Don’t you forget about me?

Let’s talk about work.

There is no doubt that, post-treatment, I’ve lacked the vim and drive I had before my diagnosis, and I suffer from fatigue after the most basic of tasks; catnaps are no longer a luxury, they are essential. I’ve got better as the months have gone by, and I’m pretty keen to get back to something resembling a ‘normal’ lifestyle, especially when it comes to taxing my brain in a working/creative environment.

During my search for work over the past few months, I’ve decided to be completely honest about my condition – and current remission – to both potential employees and agencies. After this, responses have been few and far between. I cannot prove that it is because of my situation (I would hope not), but I’m acutely aware that it’s likely to play at least some part and, being brutally honest, it would be a huge challenge to throw myself into the kind of environment I was in previously due to the demands involved. This won’t stop me trying though…

To this effect, I’ve decided that one avenue involves setting myself up in business, working in a field I still love and enjoy, namely design and project management. Its early days, and I won’t go into details of potential opportunities; however, it is wonderful to put my design head on and feel involved again. I’m really enjoying the process (this is called the honeymoon stage), but there are many things still to be resolved (the reality phase, e.g. will I ever get paid?), and there is no guarantee that this will get off the ground in the manner I would like. However, it has taken my thoughts away from what was a fairly stressful time in my life, and allows me to think more positively about stuff I can do in the future, hopefully with worthwhile results. Dealing with cancer can make you feel quite isolated and lonely, and interacting with people on a daily basis is making a huge difference.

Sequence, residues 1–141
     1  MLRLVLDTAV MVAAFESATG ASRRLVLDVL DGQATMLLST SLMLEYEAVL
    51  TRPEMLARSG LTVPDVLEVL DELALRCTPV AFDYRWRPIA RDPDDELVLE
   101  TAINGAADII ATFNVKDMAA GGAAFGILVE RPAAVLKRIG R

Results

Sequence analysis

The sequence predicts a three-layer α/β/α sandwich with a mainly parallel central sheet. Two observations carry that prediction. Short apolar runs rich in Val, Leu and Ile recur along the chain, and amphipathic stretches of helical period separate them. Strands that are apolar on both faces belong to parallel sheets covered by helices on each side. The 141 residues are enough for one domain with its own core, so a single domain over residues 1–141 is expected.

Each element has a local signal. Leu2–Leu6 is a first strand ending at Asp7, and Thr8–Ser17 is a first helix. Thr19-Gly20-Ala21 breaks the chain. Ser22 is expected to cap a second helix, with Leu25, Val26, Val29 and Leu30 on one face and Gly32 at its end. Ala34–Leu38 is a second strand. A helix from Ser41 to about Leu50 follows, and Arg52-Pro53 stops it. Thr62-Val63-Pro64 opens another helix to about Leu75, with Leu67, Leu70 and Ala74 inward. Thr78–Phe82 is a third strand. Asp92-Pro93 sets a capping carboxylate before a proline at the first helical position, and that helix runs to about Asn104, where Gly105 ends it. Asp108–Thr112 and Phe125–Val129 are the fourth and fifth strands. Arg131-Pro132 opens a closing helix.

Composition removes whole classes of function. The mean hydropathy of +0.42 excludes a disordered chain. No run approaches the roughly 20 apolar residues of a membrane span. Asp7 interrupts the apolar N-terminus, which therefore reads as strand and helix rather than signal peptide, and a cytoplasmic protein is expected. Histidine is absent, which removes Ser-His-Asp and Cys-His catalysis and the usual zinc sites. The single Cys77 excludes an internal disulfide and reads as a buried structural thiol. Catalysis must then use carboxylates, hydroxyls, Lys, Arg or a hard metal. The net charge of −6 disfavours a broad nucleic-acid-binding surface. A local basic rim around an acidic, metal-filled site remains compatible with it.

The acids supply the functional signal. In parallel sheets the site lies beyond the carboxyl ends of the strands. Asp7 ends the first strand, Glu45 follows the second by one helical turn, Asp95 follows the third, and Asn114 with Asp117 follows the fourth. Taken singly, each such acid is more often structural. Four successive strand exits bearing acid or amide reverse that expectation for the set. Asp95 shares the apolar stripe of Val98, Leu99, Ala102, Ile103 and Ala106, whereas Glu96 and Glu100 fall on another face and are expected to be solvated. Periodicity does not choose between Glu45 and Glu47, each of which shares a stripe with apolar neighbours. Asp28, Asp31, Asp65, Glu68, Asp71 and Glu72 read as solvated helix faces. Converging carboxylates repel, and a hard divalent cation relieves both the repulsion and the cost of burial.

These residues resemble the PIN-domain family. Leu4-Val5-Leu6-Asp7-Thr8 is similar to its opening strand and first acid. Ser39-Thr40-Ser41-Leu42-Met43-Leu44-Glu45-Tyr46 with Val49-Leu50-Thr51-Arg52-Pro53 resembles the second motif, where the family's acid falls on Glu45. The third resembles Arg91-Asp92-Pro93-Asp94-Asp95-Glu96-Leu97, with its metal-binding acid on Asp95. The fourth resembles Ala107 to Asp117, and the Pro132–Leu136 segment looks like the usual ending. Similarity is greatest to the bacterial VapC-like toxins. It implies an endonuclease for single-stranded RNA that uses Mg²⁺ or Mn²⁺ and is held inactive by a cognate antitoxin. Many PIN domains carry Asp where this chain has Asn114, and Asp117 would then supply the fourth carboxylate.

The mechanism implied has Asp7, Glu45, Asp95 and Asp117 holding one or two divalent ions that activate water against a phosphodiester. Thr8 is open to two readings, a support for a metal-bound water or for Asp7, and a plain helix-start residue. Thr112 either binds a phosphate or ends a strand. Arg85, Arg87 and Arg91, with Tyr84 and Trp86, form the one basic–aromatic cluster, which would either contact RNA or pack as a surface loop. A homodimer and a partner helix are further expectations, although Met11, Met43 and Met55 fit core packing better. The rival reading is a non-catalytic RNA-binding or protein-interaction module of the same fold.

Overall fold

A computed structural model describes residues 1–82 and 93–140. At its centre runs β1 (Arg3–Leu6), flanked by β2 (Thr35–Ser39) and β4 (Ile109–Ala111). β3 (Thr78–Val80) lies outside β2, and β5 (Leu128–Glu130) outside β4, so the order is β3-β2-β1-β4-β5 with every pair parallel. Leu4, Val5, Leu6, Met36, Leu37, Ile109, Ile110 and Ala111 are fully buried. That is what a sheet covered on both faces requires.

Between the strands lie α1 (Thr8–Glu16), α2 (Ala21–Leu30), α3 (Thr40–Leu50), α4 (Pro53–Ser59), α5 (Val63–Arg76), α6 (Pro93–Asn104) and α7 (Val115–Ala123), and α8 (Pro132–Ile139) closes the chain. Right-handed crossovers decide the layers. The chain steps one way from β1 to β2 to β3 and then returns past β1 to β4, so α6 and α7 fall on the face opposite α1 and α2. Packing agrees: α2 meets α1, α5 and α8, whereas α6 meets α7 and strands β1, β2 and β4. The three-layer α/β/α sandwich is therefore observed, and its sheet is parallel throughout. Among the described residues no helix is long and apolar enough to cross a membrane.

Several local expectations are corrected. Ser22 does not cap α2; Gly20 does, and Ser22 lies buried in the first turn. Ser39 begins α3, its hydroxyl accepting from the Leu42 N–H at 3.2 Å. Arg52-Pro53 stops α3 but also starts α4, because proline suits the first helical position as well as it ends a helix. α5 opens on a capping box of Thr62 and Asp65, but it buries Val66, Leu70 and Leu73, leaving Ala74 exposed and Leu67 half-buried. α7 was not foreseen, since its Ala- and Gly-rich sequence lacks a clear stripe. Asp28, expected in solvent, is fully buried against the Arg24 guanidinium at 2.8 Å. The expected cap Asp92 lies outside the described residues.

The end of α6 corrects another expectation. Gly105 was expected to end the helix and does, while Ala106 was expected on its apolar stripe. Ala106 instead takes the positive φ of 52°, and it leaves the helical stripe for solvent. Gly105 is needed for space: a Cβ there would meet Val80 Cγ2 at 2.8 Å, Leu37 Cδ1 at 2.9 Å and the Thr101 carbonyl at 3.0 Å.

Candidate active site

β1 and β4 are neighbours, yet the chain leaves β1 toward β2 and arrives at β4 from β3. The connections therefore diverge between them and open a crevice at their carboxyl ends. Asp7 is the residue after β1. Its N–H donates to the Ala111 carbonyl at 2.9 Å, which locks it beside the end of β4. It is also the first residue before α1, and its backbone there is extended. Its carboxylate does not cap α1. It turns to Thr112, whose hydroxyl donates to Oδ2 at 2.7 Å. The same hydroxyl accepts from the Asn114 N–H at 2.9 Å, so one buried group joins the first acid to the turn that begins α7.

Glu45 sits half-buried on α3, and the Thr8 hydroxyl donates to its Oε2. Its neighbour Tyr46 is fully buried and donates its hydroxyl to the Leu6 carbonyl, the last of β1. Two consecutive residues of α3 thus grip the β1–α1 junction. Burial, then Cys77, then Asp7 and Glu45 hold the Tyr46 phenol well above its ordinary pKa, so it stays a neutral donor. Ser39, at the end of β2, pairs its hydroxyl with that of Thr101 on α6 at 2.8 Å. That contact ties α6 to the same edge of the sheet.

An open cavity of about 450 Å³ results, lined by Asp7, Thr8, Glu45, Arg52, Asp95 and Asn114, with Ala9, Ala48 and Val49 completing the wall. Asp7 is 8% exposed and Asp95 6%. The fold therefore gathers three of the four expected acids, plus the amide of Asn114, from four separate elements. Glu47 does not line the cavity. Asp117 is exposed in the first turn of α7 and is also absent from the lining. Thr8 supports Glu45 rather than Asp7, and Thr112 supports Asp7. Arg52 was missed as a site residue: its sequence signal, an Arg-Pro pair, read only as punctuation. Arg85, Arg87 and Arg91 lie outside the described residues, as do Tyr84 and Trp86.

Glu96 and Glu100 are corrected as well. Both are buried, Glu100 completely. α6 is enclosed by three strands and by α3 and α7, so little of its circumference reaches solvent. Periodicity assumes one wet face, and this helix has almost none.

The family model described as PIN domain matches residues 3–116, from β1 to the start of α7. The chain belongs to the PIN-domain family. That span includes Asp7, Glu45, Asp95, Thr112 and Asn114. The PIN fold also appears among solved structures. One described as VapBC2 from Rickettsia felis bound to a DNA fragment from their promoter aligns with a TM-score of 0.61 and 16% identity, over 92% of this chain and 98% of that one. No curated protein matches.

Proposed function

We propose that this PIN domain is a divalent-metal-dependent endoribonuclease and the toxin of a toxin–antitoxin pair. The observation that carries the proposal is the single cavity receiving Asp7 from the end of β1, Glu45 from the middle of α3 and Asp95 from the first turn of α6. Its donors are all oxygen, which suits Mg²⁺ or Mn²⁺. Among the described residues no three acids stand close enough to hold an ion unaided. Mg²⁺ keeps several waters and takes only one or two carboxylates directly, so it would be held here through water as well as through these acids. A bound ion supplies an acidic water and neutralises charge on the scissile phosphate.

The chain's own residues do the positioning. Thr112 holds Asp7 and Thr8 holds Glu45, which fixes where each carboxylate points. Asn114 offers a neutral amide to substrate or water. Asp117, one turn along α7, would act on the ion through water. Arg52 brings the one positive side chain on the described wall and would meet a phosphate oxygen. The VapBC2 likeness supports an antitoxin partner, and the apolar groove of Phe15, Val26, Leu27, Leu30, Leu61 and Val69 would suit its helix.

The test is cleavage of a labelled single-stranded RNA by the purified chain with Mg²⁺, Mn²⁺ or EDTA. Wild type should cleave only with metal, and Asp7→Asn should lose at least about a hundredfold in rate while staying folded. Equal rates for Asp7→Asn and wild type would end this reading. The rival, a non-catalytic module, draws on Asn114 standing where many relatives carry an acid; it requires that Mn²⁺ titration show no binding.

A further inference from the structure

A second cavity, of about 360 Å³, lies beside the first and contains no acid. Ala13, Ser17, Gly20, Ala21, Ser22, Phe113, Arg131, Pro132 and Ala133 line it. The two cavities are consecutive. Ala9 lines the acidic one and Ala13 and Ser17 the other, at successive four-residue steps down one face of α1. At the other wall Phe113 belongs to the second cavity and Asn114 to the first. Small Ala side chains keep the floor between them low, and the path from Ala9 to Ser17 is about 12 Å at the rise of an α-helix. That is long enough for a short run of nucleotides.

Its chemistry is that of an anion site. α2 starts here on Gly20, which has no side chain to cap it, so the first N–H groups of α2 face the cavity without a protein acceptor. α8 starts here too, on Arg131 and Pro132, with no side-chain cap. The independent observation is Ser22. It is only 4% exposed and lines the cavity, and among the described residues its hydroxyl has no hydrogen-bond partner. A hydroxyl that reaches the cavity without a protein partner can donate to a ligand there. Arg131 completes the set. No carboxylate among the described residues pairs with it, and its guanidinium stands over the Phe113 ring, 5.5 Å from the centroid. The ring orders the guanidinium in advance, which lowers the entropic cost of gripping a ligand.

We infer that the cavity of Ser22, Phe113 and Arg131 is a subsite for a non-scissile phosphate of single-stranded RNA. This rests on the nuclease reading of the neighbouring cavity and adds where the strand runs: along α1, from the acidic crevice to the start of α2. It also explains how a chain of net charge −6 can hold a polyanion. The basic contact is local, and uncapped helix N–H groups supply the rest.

One issue to confront is whether or not I mention my situation in a work environment. Depending on how its approached, colleagues could have many different reactions: those who know what I’ve been going through may react to the diagnosis and absences for future appointments with understanding and offers to help, but others may feel uncomfortable around me. Some people may be reminded of a loved one’s time with cancer (I’ve come across this a lot recently). Many people find cancer an unpleasant reminder of their own mortality and could react awkwardly out of some vague fear or uneasiness.

I would certainly be interested in feedback from those in similar situations: your experiences going back to work with a either a previous or new employer, or chasing self employment opportunities.

PS. Okay, so the title is another song reference. I just can’t help myself (whoops, another one).

PPS. 101 uses for a radiotherapy mask No.3 – let it attend work meetings on your behalf.